The Health and Disability System Review Interim Report was released by Review Chair, Heather Simpson to the Minister of Health on 3 September 2019. The report does not make recommendations but does provide an outline of what the review panel has heard during engagement with the public and sector and to provide an early view of the thinking.
The session was presented by Heather Simpson, who was joined by Expert Review Panel members.
Heather Simpson, Chair of Health and Disability System Review
Video: Heather Simpson - Forum 2019 - Health and Disability System Review
[Heather Simpson presenting to an audience as part of the Health and Disability System Review session of Forum 2019]
Keriana promised to put the mics down low enough for us short, older people. She didn't get quite low enough.
Good morning, and thank you for this opportunity to explain why we haven't got the answers yet, but more than that, I want to take the opportunity really just to reiterate some of the messages from the report. You'll be pleased to know that I'm not going to go through the 302 pages, because I know that all of you will have already been through them all, so we don't need to.
It's been interesting since we put the report out. I think the most common response to us-- or the one that was actually given to us, the polite one-- was that it was a good read and that it told people everything they already knew. So I thought, well, that's good. I wonder why it took us so long to write, really.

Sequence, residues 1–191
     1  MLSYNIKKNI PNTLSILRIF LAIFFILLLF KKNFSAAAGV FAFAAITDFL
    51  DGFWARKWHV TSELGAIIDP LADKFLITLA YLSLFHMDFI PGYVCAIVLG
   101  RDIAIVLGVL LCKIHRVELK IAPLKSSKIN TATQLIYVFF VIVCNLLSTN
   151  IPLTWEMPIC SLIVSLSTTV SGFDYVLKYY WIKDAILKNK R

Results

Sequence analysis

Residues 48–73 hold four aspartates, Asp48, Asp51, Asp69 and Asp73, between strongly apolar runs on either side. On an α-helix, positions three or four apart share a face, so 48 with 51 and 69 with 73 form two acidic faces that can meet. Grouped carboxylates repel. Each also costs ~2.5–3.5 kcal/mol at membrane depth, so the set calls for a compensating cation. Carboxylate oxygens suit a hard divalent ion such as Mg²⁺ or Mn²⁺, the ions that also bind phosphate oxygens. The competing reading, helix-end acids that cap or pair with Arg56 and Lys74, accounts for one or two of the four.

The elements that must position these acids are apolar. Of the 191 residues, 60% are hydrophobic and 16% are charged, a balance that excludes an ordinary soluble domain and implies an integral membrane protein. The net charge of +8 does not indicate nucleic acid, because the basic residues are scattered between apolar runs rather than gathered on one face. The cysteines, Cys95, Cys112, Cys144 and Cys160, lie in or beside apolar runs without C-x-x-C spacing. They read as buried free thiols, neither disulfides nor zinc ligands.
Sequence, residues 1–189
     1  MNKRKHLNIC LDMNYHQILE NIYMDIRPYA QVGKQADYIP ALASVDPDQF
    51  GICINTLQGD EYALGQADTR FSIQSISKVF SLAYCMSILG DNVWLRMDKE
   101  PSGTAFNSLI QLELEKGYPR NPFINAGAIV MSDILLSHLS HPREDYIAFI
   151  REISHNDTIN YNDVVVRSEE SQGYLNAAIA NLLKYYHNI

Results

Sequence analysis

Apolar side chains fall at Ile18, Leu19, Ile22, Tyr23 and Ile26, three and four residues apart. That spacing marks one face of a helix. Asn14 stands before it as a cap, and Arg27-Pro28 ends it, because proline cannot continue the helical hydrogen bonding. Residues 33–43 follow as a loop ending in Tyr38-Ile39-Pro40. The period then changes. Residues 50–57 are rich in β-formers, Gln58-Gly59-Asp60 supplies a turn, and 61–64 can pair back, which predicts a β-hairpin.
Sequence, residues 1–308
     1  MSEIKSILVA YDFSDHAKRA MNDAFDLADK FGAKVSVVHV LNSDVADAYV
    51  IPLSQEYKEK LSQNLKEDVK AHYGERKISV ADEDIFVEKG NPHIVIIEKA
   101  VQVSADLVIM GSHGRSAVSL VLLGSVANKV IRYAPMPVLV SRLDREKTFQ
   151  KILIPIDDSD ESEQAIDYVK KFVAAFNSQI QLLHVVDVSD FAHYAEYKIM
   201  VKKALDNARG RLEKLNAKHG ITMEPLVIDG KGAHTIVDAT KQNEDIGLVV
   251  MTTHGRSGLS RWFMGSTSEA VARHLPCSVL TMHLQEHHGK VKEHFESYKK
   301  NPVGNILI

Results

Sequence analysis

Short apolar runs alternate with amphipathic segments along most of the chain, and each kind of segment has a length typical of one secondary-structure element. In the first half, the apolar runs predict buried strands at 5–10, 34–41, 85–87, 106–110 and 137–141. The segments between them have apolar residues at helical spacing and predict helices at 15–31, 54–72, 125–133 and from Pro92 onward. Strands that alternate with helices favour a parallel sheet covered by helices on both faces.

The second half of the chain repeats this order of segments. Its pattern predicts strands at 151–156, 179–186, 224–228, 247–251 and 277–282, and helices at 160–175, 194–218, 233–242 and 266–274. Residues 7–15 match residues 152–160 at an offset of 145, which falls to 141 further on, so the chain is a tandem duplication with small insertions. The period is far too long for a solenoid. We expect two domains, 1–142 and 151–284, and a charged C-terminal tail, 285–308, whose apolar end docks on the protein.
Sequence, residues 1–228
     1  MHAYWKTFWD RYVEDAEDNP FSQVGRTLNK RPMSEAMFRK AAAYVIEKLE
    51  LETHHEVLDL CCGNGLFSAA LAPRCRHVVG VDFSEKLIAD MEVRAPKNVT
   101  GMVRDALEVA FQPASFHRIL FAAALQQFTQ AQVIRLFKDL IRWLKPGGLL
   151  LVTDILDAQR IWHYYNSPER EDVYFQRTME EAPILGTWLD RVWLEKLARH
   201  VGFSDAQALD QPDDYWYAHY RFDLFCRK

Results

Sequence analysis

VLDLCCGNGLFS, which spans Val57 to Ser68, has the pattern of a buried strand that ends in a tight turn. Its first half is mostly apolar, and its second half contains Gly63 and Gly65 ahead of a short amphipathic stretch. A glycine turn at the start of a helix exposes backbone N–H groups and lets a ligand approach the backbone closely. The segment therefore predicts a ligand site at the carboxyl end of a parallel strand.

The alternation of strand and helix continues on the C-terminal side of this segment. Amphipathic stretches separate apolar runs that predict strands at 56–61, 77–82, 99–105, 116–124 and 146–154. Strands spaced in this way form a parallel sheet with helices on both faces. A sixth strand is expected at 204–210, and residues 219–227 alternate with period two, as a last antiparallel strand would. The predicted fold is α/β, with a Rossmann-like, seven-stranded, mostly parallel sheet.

But my response to that, as it seemed it meant to me, that either all the people I spoke to had only read their chapter, which I suspect was the most common response, and so, therefore, they thought they knew it all, or they had read it, but started another bit and given up, or they really did read it all and knew it all already, and I wondered why they weren't already on the panel.
But which ever one of those categories you fit into, the question that arose from me is if we did already know that-- and I absolutely accept that there was nothing in that report that somebody in the system had not talked to us about, right? We didn't make any of that up. What we did do is we listened to everybody around the system.
We then did a better checking, because sometimes, believe it or not, sometimes, people believe things which aren't actually true. And there are quite a few times in the health system that we get told about how the system works or why something doesn't happen one way because of some rule that somebody made, and when I go to look for that rule, it's not actually there. And so we did a bit of checking to try and actually clarify some of those points about it. And I'm still trying to work out because I have been around every DHB apart from Capital Coast, but never mind. I visit that on a regular basis. So it's OK.
Every DHB told me with a straight face that they were unfairly penalized by the population-based-funding formula. So Capital Coast Health, you must be getting a hell of a big share of it because everybody else is not, according to them. And I did a math degree a long time ago, so I'm being good about looking back through my notes to work out how everybody can be so far below the average. I haven't worked it out yet, but that's why we haven't finished the report.
But I suppose the other thing about the report is that accepting that there is nothing in there that is new, what I think is new, and what I think the panel has done well is put it all in one place. And that is what we do not do well or have not been doing well, in my view, in the system.
So a real message from that report is that if we want to change the system, if we want to make the system more equitable, if we want to make it more effective, if we want to make it more sustainable, we cannot do that by changing only one part of it. And it doesn't matter which part you are passionate about. You cannot fix that part all on its own.